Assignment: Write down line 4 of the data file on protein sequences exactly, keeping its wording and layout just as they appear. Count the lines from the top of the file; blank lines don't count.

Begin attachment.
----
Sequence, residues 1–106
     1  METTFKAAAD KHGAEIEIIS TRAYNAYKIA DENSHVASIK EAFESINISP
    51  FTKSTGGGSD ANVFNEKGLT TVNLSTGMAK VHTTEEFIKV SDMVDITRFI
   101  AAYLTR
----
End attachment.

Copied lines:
   101  AAYLTR